Make us your home page
Instagram

Get the quickest, smartest news, analysis and photos from the Bucs game emailed to you shortly after the final whistle.

(View our Privacy Policy)

Still never missing a beat or tasting defeat

Floyd Mayweather Jr. lands a left jab on Robert Guerrero in Saturday’s fight, which Mayweather won 117-111 on all three judges’ cards.

Associated Press

Floyd Mayweather Jr. lands a left jab on Robert Guerrero in Saturday’s fight, which Mayweather won 117-111 on all three judges’ cards.

LAS VEGAS — Floyd Mayweather's latest triumph followed a familiar pattern. For weeks, he toyed with Robert Guerrero, made him angry and jumpy, drew him into the usual vortex of opponent overconfidence.

Guerrero insisted, over and over, that Mayweather would not get to him. By then, he already had.

That is part of Mayweather's ring brilliance, the mental part. He wants foes riled up, overaggressive, then he turns their aggression into weakness. That is the other part, the physical part, the feet that dance and hands that flash and the dazzling precision.

Guerrero suffered from both Mayweather's mind games and his right hands. Early into this World Boxing Council welterweight title fight it became clear which boxer was undefeated — the one in the audacious yellow shorts, the best boxer of his generation, a candidate for one of the best boxers of all time. Mayweather won easily, by unanimous decision, scored 117-111 by all three judges. He did so despite hurting his right hand in the middle rounds.

"What else can I say?" Mayweather said, as he appeared to thank half of those assembled in Grand Garden Arena. "We did it again."

Mayweather made it look easy, landing 60 percent of his power punches.

As Mayweather (44-0) stalked back to his corner after the 10th round, his eyes never left Guerrero (31-1-2), who refused to return the eye contact. Guerrero was beaten, bloodied, bludgeoned.

Talk turned again to Mayweather's choice of opposition, to whether he is simply better than all challengers or whether he picks the right guys at the right moments, and his status among the greats. Regardless, his precious zero in the loss column remained intact.

"That's why he's undefeated," said Guerrero, 30.

Most opponents believe they can wear Mayweather down, out-tough him in a brawl. But the more the fight wore on, the more Mayweather picked Guerrero apart, like in the fifth round, with a series of right hooks. When Guerrero lunged back, Mayweather ducked punches and slipped out of corners. He always seemed a step ahead.

By the eighth, blood dripped from Guerrero's left eye down his face.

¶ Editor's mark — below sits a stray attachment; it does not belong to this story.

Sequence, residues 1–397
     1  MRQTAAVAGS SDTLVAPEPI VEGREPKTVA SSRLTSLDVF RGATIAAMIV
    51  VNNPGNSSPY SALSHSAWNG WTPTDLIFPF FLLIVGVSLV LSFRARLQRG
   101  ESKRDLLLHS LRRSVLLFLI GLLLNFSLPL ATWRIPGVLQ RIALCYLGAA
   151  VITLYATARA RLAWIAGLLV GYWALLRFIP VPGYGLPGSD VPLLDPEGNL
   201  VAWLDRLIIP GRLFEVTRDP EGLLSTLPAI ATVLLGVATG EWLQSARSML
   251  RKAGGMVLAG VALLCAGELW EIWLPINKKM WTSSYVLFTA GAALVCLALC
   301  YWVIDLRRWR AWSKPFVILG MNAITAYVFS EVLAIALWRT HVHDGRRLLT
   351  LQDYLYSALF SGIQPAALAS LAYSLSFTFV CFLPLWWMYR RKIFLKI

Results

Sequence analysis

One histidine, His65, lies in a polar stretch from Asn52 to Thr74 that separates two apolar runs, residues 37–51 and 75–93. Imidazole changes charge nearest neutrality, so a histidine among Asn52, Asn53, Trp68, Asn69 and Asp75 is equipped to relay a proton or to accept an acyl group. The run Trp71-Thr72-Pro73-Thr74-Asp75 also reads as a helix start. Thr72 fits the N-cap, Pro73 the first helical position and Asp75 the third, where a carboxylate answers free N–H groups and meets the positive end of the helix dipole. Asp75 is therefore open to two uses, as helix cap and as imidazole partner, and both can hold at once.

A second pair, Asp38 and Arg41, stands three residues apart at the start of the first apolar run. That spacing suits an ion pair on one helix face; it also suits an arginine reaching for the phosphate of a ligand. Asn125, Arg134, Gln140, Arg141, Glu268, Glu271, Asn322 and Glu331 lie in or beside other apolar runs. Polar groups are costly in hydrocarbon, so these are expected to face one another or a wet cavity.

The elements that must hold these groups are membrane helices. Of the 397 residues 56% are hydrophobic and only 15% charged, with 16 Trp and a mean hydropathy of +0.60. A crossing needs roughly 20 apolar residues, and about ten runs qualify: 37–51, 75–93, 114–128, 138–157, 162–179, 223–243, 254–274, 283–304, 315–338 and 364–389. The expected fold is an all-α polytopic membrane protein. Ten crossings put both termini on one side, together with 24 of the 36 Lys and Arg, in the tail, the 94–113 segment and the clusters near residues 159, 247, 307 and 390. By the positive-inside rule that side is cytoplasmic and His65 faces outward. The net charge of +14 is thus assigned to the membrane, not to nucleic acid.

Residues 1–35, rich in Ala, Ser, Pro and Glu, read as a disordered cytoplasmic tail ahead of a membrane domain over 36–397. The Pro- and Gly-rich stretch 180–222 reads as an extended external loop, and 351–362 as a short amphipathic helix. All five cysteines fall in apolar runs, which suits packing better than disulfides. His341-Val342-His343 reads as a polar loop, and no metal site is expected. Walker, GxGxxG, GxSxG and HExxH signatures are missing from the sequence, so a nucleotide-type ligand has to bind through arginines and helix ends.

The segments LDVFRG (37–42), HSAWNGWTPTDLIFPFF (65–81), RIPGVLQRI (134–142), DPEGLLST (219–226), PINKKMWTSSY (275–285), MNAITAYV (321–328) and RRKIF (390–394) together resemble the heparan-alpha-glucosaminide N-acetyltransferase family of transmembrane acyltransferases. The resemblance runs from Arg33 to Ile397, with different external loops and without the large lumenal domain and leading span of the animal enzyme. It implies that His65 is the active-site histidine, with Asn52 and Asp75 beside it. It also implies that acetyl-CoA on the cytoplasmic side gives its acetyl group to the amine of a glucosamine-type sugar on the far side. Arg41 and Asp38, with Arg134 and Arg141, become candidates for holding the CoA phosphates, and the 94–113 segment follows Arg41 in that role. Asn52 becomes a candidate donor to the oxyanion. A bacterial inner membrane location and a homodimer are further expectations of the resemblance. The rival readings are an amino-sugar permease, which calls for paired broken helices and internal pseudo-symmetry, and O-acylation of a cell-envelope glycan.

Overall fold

In recent bouts, Mayweather dodged and ducked less and engaged opponents more. This left him more exposed, slightly. It seemed reasonable to wonder if age played a role. The champion turned 36 in February — Muhammad Ali, Larry Holmes and Joe Louis all fell in unexpected defeats at almost the exact same age.

And in the year since Mayweather's last ring walk, he went to jail for more than two months, made peace with his father, Floyd Sr. (who was in his son's corner Saturday for the first time in 13 years); watched both his father and his uncle and longtime trainer, Roger Mayweather, endure health issues; and signed a three-year deal with Showtime that could be worth $250 million.

If all this distracted Mayweather, he never showed it.

Still never missing a beat or tasting defeat 05/05/13 [Last modified: Sunday, May 5, 2013 10:01pm]
Photo reprints | Article reprints

© 2017 Tampa Bay Times

    

Join the discussion: Click to view comments, add yours

Loading...
  1. Vikings coach feels better about QB Bradford playing vs. Bucs

    Bucs

    EDEN PRAIRIE, Minn. — Vikings quarterback Sam Bradford moved with a little more bounce in his step during the 15 opening minutes of Thursday's practice before reporters were booted.

  2. Rays at Orioles, 7:05 p.m. Friday, Camden Yards, Baltimore

    The Heater

    Tonight: at Orioles

    7:05, Camden Yards, Baltimore

    TV/radio: Fox Sports Sun; 620-AM, 680-AM (Spanish)

    Probable pitchers

    RAYS: RH Alex Cobb (11-10, 3.63)

    ORIOLES: RH Ubaldo Jimenez (6-10, 6.57)

    PORT CHARLOTTE, FL - FEBRUARY 26:  Pitcher Alex Cobb #53 of the Tampa Bay Rays poses for a portrait at Charlotte Sports Park during photo day on February 26, 2014 in Port Charlotte, Florida.  (Photo by Rob Carr/Getty Images)
  3. Bucs journal: Injury news not all bad

    Bucs

    TAMPA — The Bucs are dealing with injuries and illness as they prepare for their first road game of the season, at the Vikings on Sunday.

    Linebacker Kwon Alexander, left, who had an interception against the Bears before leaving with a hamstring injury, misses his second straight day of practice.
  4. 'Dream big' drives Lightning's Conacher brothers

    Lightning Strikes

    BRANDON — Two words: Dream big.

    Cory Conacher includes them every time he signs an autograph for a young hockey fan.

    Tampa Bay Lightning forward Cory Conacher (89) on the ice during Lightning training camp in Brandon Friday morning (09/15/17).
  5. Aaron Hernandez had severe CTE; daughter sues NFL, Patriots

    Bucs

    BOSTON — Tests conducted on the brain of former football star Aaron Hernandez showed severe signs of the degenerative brain disease chronic traumatic encephalopathy, and his attorney said Thursday that the player's daughter is suing the NFL and the New England Patriots for leading Hernandez to believe the sport …

    Aaron Hernandez's lawyer says the former New England Patriots tight end's brain showed severe signs of the degenerative brain disease chronic traumatic encephalopathy. [AP photo]